In price-to-earnings-ratio terms, the major gold stocks are definitely getting cheaper.  Of the 23 of these top-GDX-component stocks with profits to create P/E ratios, 7 had P/Es in the single or low-double digits!  There are some really-cheap gold miners out there today, even adjusted for any dilution from past share issuances. Of course P/E ratios automatically do that since stock prices are divided by earnings per share.

On the sales front these top-34 GDX gold miners’ revenues soared 13.9% YoY to $12,236m in Q4.  That looks suspect given that 1.7% YoY drop in production and the 4.8% YoY rally in the average gold price.  26 of these gold miners reported Q4 sales, compared to 27 a year earlier in Q4’16. The apparent growth came from some large gold miners that didn’t disclose Q4’16 sales deciding to make that data available in Q4’17.

Cash on balance sheets is also an interesting metric to watch, because it is primarily fed by operating profitability.  Nearly all the gold miners report their quarter-ending cash balances as well, whether they report quarterly like in the US and Canada or in half-year increments like in Australia and the UK.  The total cash on hand reported by these top GDX gold miners surged 7.0% YoY to a hefty $13,974m in Q4’17!

That’s a big number for this small contrarian sector, and it’s conservative.  I just included the bank cash reported, excluding short-term investments and gold bullion.  The more cash gold miners have on hand, the more flexibility they have in growing operations and the more resilience they have to weather any unforeseen challenges.  Material drops in cash at individual miners were usually spent to grow their production.

So overall the major gold miners’ fundamentals looked quite strong in Q4’17, a stark contrast to the miserable sentiment plaguing this sector.  Gold stocks’ vexing consolidation over the past year or so isn’t the result of operational struggles, but purely bearish psychology.  That will soon shift as stock markets inevitably roll over and gold surges, making the beaten-down gold stocks a coiled spring overdue to soar dramatically.

While investors and speculators alike can certainly play gold stocks’ coming powerful uplegs with the major ETFs like GDX, the best gains by far will be won in individual gold stocks with superior fundamentals.  Their upside will far exceed the ETFs, which are burdened by over-diversification and underperforming stocks. A carefully-handpicked portfolio of elite gold and silver miners will generate much-greater wealth creation.

At Zeal we’ve literally spent tens of thousands of hours researching individual gold stocks and markets, so we can better decide what to trade and when.  As of the end of Q4, this has resulted in 983 stock trades recommended in real-time to our newsletter subscribers since 2001.  Fighting the crowd to buy low and sell high is very profitable, as all these trades averaged stellar annualized realized gains of +20.2%!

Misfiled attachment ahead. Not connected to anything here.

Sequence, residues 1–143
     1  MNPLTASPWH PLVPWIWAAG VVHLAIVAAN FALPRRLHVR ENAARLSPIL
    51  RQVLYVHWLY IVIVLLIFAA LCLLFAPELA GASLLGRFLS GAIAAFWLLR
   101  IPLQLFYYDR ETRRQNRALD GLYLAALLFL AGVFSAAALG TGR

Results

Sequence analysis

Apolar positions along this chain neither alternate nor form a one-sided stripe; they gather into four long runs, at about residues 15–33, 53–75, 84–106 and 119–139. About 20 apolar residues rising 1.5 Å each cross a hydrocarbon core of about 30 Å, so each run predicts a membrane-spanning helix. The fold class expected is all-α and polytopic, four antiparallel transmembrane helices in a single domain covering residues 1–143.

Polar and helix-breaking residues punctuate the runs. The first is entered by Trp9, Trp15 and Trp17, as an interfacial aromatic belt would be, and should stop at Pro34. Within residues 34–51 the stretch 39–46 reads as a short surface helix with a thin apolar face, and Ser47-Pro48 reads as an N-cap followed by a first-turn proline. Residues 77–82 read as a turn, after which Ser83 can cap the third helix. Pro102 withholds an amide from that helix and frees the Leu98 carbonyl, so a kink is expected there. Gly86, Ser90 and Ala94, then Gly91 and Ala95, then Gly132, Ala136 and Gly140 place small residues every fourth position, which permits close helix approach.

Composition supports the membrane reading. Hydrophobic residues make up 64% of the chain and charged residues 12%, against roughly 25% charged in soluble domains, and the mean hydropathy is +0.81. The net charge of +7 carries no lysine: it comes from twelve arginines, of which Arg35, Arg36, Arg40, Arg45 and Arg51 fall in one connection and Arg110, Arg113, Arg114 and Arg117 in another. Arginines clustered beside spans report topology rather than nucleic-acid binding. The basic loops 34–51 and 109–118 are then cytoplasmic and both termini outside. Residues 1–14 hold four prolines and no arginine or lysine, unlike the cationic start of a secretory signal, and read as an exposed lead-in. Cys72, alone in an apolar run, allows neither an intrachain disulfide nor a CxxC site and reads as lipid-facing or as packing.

The key to this success is staying informed and being contrarian.  That means buying low before others figure it out, before undervalued gold stocks soar much higher.  An easy way to keep abreast is through our acclaimed weekly and monthly newsletters.  They draw on my vast experience, knowledge, wisdom, and ongoing research to explain what’s going on in the markets, why, and how to trade them with specific stocks.  For only $12 per issue, you can learn to think, trade, and thrive like contrarians. Subscribe today, and get deployed in the great gold and silver stocks in our full trading books!

The bottom line is the major gold miners’ fundamentals are quite strong based on their recently-reported Q4’17 results.  While production declined, mining costs were still driven lower. That coupled with higher gold prices generated fat operating profits and strong cash flows.  The resulting full coffers will help the gold miners expand operations this year, which will lead to even stronger earnings growth in the future.

Yet gold stocks are now priced as if gold was half or less of current levels, which is truly fundamentally absurd!  They are the last dirt-cheap sector in these euphoric, overvalued stock markets. Once gold resumes rallying on gold investment demand returning, capital will flood back into forgotten gold stocks.  That will catapult them higher, continuing their overdue mean reversion back up to fundamentally-righteous levels.

Adam Hamilton, CPA

March 16, 2018

Copyright 2000 – 2018 Zeal LLC (www.ZealLLC.com)